Scott Stern attempts to get around these issues by surveying PhD biologists on the job market. The biology job market generally results in multiple job offers per candidate, and many candidates have competing offers from research and non-research jobs, both in and out of academia. Controlling for individual fixed effects – this is where we need the multiple offers per candidate – Stern finds the average worker is taking a 20% pay cut to work in a research job (one which permits publication of results). This result is roughly robust to removing academic jobs from the sample, to considering only accepted jobs and not just offers, and to an alternative specification where workers are interviewed and asked to rank their job offers from best to worse among a number of categories (ability to follow current research program, monetary rewards, etc.).

My intuition (perhaps incorrect as I do not know of any empirical work on this topic) is that over time, more and more people are moving into jobs where the job itself provides utility at some level, rather than strict disutility; call this “reverse alienation”, perhaps? This actually has massive relevance for policy. For instance, as Stern notes, to the extent that scientists are willing to produce innovation at lower wages when “the scientific community” or “publication priority” is the reward, then strengthening IP or market incentives for innovation may be socially harmful. I think such effects are actually widespread in the labor market, and surely they should be no surprise to academic economists, nearly all of whom are taking huge discounts on what their non-research, or non-academic, salary would be. There are limits to this idea, of course. The 20th century was pretty clear in that market incentives are often far stronger than culturally-induced preferences; just look at crop output differences in China between the Deng era and the Cultural Revolution. Nonetheless… (NBER WP – final version published in Management Science)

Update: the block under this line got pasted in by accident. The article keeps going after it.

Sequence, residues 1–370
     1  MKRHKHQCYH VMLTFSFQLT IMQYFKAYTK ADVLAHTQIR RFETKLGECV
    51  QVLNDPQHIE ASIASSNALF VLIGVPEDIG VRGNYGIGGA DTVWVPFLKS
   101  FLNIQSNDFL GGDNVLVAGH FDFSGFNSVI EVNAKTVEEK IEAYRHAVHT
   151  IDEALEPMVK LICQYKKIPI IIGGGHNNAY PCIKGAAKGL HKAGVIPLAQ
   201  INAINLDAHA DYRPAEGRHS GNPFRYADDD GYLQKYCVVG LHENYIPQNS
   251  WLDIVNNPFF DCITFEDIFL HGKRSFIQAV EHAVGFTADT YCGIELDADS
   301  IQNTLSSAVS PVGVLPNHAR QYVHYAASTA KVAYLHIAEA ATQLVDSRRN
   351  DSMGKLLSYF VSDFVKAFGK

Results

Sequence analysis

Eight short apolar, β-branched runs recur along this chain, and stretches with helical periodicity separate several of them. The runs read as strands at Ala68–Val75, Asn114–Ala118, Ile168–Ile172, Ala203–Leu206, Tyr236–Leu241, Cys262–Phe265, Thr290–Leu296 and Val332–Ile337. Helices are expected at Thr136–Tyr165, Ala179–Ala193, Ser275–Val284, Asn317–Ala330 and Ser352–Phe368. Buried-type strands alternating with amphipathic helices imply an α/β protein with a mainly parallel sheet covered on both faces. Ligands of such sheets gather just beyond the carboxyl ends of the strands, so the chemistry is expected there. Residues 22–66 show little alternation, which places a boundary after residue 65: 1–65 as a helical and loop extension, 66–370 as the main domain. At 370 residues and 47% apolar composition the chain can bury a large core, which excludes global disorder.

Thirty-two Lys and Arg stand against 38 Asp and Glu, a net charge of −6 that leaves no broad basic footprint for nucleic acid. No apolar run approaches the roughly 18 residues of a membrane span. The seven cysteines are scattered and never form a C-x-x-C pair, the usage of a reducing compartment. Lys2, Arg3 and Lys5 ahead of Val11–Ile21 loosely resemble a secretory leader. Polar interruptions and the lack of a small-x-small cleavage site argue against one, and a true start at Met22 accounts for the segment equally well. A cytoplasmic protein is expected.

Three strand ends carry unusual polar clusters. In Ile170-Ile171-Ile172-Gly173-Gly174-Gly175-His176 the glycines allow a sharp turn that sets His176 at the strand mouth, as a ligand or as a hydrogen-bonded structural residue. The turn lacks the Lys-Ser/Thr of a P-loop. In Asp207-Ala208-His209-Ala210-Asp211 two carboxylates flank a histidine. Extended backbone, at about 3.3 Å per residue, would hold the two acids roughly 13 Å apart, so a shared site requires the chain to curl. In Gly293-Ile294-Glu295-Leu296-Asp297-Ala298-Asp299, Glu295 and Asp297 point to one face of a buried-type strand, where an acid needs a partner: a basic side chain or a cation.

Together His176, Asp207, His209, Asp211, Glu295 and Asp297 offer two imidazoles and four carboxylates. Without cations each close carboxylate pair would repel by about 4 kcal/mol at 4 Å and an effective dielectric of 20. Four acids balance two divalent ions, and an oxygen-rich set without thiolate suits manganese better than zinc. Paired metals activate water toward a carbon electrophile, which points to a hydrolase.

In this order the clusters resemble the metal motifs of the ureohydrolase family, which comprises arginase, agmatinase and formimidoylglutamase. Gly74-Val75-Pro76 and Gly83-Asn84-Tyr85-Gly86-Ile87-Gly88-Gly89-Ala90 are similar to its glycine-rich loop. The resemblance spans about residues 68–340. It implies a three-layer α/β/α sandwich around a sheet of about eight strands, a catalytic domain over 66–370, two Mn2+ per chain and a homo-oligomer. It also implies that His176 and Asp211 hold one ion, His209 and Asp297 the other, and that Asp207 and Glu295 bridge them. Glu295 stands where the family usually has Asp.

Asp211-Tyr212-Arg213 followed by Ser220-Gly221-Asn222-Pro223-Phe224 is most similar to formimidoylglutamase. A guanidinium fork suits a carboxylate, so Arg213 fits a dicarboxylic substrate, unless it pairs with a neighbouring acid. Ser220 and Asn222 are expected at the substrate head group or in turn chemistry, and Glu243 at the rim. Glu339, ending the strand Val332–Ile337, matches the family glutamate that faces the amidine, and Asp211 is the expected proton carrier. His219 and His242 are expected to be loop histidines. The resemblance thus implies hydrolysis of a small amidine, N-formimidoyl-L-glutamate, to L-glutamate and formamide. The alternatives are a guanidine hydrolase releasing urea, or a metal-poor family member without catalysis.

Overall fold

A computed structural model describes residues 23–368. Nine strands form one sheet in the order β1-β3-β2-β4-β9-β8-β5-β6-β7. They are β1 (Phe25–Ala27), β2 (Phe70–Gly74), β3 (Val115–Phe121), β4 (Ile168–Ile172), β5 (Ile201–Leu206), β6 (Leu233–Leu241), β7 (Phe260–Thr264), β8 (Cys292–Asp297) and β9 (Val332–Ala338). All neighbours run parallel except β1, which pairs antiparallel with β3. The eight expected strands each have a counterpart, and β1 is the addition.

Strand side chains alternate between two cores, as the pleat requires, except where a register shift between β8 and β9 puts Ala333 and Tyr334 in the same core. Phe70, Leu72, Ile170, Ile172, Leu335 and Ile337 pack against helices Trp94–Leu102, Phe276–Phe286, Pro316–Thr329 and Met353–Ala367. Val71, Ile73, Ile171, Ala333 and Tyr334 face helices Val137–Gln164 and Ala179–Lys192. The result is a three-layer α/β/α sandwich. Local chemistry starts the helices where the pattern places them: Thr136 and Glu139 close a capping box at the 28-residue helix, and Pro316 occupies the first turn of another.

“Discovering the Role of the Firm: The Separation Criterion and Corporate Law,” D. Spulber (2009)

(Note: After a Francophilic August hiatus, I’m back from the mountains and will be posting again roughly on a daily basis.)

There are a surprising number of very basic questions about the economic world for which the average undergraduate economic student will never encounter an explanation. For instance, why do businesses in the West sell goods with fixed prices, rather than souq-style bargaining? Despite the Nobel-driven popularity of Oliver Williamson, I imagine that few students are given an explanation for the problem Daniel Spulber considers in this paper: Why do firms exist?